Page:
Baba ganoush is a levantine dip of mashed broiled eggplants, blended with tahini, olive oil and seasoning, and it’s a dip I love making in warmer months. There’s lots of speculation about the origin of baba ganoush, but this iconic dip (or a similar version of it) has likely been around, for over 1000 years. In Arabic, “baba” means father and “ganoush” means pampered or spoiled. Some believe the name is perhaps a reference to the dips supposed invention by a member of a royal harem, so “pampered daddy“, although the perfect name for a rap song, may have been a sultan.
Considered “exotic” when I was growing up, my kids now request it with their falafel. Served mostly as an appetizer, this flavorful, popular eggplant salad (as it’s also referred), is considered a creamier companion to hummus. Popular in many Middle Eastern countries such as Syria and Lebanon, but also as far reaching as Brazil and West India. Baba ganoush can also be seen on Greek and Roman tables and it also popular in Pakistan, Bangladesh, Israel as well as the United States. Truthfully, there are not many dishes that have crossed such cultural divides.
Baba ganoush’s main ingredient is eggplant, a vegetable that often gets a bad wrap. Eggplant is a delicious vegetable, but unfortunetley is not cooked properly all that often. Spongy is never the goal. When cooking eggplant, heat and flavoring matters. So I get it, eggplant can be unappealing. But baba ganoush is a great way to learn to love eggplant after a few bad experiences. In this recipe you oven roast the eggplant with olive oil, which gives it better texture and flavor depth, that is rich and earthy.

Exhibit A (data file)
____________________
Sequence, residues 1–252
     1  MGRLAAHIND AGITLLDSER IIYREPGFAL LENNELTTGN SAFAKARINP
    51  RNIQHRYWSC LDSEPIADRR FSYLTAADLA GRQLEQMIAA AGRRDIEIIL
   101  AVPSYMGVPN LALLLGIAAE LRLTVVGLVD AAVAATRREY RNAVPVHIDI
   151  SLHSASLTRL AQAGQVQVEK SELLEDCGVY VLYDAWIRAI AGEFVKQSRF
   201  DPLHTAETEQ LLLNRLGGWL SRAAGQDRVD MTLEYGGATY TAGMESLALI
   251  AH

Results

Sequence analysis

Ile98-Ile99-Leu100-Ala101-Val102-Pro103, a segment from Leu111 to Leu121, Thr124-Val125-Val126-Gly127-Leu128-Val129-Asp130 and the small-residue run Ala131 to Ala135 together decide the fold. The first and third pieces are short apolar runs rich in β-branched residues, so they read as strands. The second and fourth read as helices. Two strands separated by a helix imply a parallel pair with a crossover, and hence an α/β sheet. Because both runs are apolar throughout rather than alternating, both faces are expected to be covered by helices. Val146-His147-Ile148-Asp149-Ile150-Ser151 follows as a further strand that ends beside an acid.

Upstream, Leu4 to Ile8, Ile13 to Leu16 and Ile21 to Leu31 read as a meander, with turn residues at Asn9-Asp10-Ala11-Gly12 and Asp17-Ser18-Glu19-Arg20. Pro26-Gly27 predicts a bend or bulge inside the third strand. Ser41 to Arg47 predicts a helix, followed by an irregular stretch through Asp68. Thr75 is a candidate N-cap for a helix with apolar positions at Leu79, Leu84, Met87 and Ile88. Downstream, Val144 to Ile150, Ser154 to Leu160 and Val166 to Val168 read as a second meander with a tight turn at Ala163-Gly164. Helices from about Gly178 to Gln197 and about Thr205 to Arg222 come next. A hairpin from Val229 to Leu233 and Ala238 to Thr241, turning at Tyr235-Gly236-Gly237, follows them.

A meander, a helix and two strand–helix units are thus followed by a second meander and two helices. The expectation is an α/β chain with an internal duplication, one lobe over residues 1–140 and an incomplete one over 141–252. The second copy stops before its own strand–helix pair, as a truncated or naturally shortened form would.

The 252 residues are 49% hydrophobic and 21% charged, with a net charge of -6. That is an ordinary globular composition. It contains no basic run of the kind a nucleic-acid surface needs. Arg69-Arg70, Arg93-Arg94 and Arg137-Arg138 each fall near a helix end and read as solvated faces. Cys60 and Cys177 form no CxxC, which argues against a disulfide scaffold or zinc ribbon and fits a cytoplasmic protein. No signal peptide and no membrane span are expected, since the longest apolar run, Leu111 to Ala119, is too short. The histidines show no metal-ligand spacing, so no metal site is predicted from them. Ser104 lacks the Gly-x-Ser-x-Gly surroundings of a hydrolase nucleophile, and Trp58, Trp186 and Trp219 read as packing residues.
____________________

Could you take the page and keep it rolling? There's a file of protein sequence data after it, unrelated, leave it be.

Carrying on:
The store bought version of baba ganoush simply does not compare to the homemade stuff. And effort-wise, this does not take much to make the real deal. This roasted eggplant dip is light and flavorful and actually shines best when served room temperature. Although this well-known favorite can be served with just about anything you think up, try making your own pita bread to go with it, trust me, the two together are life-changing.
- 2 eggplants, sliced lengthwise
- 4 garlic cloves, smashed
- 1/3 cup Extra virgin olive oil, plus more for brushing
- 2 Tablespoons freshly squeezed lemon juice
- 1/2 cup tahini
- 1 1/4 teaspoons salt
- 1 1/2 teaspoons cumin
- 1/4 teaspoon smokey paprika
- dash of cayenne pepper
- 2 Tablespoons fresh parsley, finely chopped
- Step 1 Preheat the oven to 450 degrees F. Line a baking sheet with aluminum foil and set aside.
- Step 2 Place the eggplant on the prepared baking sheet flesh-side up. Using a pasty brush, lightly brush with olive oil. Place in the one and roast until the flesh is tender and the skin is beginning to collapse, about 40 minutes. About 20 minutes in rotate the pan 180 degrees. Place the garlic on the baking sheet and continuing baking. Remove from the oven and allow to cool.
- Step 3 Once the eggplant is cool enough to handle, using a tablespoon, scoop out the roasted eggplant flesh and place in a the bowl of a kitchen mixer, such as a Cuisinart, fitted with a blade attachment. Discard the eggplant skin. Add the roasted garlic, lemon juice, tahini, salt, cumin, paprika and cayenne and pule on/off till blend but not smooth. Pulse in the olive oil till creamy, bing careful not to over mix. Taste and adjust the season as needed.
- Step 4 To serve, place the baba ganoush in a serving bowl and garnish with chopped parsley.
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